Car crashes are a scary thing. Whether your car experiences minor or major damages, you can suffer injuries. In fact, thousands of people are injured in car accidents every day.
Oftentimes, people are unaware that they’re even injured. In cases of minor injuries, people also underestimate the consequences of not seeking healthcare, leading to further damages. If you are involved in a car accident, it’s important you follow these steps toward recovery.
Step 1: Assess your injuries.
As soon as the accident happens, check yourself for injuries. If necessary, call an ambulance. Moving with severe injuries makes them worse. In some cases, you’ll be in shock and may not immediately recognize you’re injured. During car accidents, your body releases adrenaline that masks pain or discomfort. This can last for hours or even days.
If there are other passengers, have them assess their injuries also. If injured, call for emergency health assistance. If you’re unable, ask a bystander to call for help. As you wait for help, make sure you get to safety. Oftentimes, car accidents happen in the middle of the road or in a hazardous place with oncoming traffic. If possible, pull over or leave your vehicle and get to safety.
Step 2: Go to the hospital.
It’s important you seek medical attention regardless of the extent of your injuries. Not only can they give you a professional assessment with the information you give them, they’ll also review your medical records. Your medical history plays an essential role in your recovery because previous ailments may impact your current healing process. For instance, if you have diabetes, it may take longer for your wounds to heal than if you were completely healthy.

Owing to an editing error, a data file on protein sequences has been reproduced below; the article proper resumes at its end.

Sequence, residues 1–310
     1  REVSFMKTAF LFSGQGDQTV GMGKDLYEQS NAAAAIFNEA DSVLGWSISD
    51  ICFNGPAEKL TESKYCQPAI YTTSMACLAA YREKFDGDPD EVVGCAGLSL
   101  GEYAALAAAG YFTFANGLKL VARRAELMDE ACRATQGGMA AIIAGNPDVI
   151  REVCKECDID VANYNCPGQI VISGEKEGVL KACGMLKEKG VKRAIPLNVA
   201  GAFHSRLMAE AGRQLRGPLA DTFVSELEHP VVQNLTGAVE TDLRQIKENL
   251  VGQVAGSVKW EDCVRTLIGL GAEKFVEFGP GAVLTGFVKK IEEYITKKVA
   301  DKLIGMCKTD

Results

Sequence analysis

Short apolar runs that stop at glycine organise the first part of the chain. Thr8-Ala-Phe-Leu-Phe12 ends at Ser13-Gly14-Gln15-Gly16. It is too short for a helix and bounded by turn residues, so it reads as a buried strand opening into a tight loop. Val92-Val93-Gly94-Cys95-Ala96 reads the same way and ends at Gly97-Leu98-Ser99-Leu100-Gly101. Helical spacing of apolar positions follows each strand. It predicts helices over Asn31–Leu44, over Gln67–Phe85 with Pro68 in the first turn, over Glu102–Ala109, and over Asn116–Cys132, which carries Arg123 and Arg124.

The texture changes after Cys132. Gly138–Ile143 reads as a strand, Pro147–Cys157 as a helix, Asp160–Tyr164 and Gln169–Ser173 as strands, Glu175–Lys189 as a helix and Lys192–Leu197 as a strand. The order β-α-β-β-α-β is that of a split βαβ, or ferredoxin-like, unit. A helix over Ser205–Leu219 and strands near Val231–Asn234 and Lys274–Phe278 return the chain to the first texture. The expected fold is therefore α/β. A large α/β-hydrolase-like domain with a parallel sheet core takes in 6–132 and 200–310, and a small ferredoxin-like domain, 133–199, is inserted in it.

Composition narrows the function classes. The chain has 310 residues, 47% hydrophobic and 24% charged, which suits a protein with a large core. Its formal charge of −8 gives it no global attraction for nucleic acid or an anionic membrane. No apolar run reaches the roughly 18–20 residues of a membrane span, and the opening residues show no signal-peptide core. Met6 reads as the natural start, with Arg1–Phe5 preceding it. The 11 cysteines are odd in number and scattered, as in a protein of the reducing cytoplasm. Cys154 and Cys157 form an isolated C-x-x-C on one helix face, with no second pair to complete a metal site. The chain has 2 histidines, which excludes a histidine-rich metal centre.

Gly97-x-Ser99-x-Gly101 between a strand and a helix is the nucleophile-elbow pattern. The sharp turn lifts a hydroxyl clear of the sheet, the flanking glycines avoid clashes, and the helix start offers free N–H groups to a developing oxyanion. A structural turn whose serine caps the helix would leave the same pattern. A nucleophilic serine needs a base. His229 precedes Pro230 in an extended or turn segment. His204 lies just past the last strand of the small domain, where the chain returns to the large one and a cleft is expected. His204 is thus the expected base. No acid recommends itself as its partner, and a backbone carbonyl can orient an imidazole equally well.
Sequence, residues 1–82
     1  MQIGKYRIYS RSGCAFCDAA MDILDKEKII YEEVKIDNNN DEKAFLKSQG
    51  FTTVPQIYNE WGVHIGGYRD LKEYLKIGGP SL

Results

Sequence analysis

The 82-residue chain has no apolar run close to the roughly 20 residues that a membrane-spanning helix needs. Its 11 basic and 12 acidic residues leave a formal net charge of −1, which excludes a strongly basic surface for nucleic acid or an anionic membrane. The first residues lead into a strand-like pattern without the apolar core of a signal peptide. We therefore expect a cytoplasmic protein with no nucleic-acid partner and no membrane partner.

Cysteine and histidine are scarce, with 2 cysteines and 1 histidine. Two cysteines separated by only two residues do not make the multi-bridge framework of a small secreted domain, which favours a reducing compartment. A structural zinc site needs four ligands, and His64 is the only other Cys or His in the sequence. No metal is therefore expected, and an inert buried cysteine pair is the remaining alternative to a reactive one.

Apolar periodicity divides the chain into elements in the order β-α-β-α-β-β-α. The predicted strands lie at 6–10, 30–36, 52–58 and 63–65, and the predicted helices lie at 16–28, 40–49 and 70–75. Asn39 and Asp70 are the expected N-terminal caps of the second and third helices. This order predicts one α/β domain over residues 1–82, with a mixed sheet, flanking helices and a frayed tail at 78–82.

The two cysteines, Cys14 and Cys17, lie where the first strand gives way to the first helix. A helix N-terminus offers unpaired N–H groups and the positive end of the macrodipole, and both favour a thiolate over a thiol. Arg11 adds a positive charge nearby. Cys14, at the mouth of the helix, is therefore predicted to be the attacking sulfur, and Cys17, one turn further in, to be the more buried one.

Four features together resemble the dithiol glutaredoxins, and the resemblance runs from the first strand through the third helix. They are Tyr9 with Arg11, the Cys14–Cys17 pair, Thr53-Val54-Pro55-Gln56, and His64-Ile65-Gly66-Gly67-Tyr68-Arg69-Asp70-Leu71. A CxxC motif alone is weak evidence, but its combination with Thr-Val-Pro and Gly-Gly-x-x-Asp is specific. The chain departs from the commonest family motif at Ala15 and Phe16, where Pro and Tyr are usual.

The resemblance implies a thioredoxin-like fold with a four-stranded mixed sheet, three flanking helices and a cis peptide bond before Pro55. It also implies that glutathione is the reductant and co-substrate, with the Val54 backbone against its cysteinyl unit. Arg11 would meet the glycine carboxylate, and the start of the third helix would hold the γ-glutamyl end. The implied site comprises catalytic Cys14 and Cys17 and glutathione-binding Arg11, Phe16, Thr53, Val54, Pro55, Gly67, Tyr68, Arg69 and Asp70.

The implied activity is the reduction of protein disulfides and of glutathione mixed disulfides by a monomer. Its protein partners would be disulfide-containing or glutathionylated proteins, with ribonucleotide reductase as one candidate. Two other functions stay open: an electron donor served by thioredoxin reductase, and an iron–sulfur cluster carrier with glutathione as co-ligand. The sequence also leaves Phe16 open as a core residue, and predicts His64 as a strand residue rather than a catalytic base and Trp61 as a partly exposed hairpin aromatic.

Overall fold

When you’re in the doctor’s office, give as many details as possible. Simply saying you have a migraine or a backache can lead to a misdiagnosis and cause problems with recovery down the line. Give the specifics of how your vehicle was impacted by the accident as well as the damage it caused you. Your passengers should do the same to ensure they get proper treatment.
Remember to be completely honest during your injury assessment. Over-exaggerating the extent of your injuries for a larger settlement is detrimental to your treatment process, especially if you require medication. You also don’t want to incriminate yourself during a lawsuit. Doing so ruins your credibility and minimizes your chance of winning.
Step 3: Inquire about your treatment process.
Once you’re in the office and discuss your injuries, be sure to get documents concerning your treatment process. Gather as much information as possible so you can make future plans for both you and your family. If you need physical therapy or rehabilitation, it’s probable you’ll miss work. You also need to understand the details of your healing process to avoid further injury. Going to work prematurely can prolong your injuries, resulting in more time from work.
If you cannot afford to miss work, your medical documentation can also help you with a settlement or paid time off. If you don’t qualify for paid time off, you can include your medical records in your lawsuit for damages. You also need to keep records of your progress as evidence.
Car accidents can be serious and even fatal. If you’re in a car accident, make sure you properly assess your injuries. Even if you don’t immediately experience pain, see a doctor. Once you get to the hospital, give your doctor an accurate account of the accident, including how the accident occurred and your subsequent injuries. Be sure to also go over your health records with your doctor and discuss how prior injuries or health conditions may impact your recovery. If your injuries prevent you from working, it’s advised you seek legal advice for damages.